©Nina Mangalanayagam

Le Cuisinier François, by La Varenne

This 17th-century cookbook eschewed the spices and sugar of medieval food and introduced regional and seasonal ingredients. It is the precursor to today’s classic French canon

The history cook: ‘Jewish Cookery’, by Florence Greenberg

Most postwar Anglo-Jewish households owned a copy of this book, a perfect mix of eastern European staples and ‘new’, continental fare

Cover page of 'Mediterranean Seafood' by Alan Davidson
©Nina Mangalanayagam

‘Mediterranean Seafood’, by Alan Davidson

How a Foreign Office diplomat with a ‘pretty depraved taste’ for ketchup and Spam became one of the 20th century’s great cookery writers

Book cover of 'Fancy Ices'
©Nina Mangalanayagam

Fancy Ices

What to serve for dessert at a Victorian ‘ball supper’? Try an ice-cream swan or a frozen soufflé tower, says ‘ice queen’ Mrs Marshall

Sophia Loren in her cookbook 'Eat with Me'
©Nina Mangalanayagam

History Cook: ‘Eat with Me’ by Sophia Loren

When Sophia Loren wrote her ‘gastronomic autobiography’, age 37, it was every bit as bizarre – and sulphurously sexy – as you’d expect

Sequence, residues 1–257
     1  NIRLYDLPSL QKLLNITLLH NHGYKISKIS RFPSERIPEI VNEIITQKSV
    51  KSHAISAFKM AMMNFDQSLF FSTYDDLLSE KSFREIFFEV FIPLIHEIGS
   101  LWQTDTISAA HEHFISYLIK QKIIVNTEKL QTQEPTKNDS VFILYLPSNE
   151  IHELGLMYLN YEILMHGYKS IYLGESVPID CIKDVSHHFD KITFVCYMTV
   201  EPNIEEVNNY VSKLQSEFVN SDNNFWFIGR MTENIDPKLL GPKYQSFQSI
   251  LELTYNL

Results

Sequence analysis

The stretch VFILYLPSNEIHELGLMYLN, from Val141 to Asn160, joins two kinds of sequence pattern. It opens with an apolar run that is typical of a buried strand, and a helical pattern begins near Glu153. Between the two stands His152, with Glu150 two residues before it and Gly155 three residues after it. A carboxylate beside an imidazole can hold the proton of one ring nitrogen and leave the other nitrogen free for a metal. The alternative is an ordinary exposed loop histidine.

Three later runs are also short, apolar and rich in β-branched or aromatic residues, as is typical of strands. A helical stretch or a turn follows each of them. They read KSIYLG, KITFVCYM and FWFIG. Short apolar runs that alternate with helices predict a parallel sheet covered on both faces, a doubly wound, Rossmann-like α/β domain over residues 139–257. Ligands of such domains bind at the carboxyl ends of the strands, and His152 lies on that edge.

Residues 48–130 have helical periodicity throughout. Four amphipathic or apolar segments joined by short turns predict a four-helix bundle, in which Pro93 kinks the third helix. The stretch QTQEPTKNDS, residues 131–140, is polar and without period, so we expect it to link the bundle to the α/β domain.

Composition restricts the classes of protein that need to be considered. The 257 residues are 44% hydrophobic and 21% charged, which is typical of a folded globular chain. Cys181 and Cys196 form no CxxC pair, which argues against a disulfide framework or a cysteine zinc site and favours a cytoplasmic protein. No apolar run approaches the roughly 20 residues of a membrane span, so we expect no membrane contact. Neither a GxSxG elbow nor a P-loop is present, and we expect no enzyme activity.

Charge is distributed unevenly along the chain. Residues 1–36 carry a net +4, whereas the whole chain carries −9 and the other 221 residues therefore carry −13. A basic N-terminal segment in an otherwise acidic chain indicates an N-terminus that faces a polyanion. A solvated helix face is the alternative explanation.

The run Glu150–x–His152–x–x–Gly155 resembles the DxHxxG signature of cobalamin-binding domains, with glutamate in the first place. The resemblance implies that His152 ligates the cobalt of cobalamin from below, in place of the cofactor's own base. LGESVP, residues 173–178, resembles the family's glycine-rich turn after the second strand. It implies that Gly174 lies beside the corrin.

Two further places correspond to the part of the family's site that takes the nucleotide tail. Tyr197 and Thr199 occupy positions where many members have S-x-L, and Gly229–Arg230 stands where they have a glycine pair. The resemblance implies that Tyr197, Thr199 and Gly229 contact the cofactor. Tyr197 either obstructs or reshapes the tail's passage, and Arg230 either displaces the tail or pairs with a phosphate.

Rum baba: a typically sumptuous Carrier presentation
©Nina Mangalanayagam

The history cook: Great Dishes of the World

American food writer Robert Carrier was the Liberace of domestic kitchens, persuading the housewives of postwar Britain that cooking was fun

Ashley Palmer-Watts and Polly Russell make frumenty
©Nina Mangalanayagam


How a 14th-century recipe for a porridge-like staple ended up on the Christmas menu of Heston Blumenthal’s restaurant Dinner

Image of book Joy of Slimming from British Library Collection
©Nina Mangalanayagam/FT

The Joy of Slimming

While very 1970s, this owes more to a Victorian ‘Letter on Corpulence’ than a rather famous sex manual

Acton's book was a polemic for domestic baking
©Nina Mangalanayagam

The English Bread Book

Victorian Britain’s poor lived off cheap bread. Enter Eliza Acton, champion of the home-made loaf

Book of Tasty and Healthy Food
©Nina Mangalanayagam

The Book of Tasty and Healthy Food

How the Soviet Union tried to persuade its people that they were living in a culinary paradise – and failed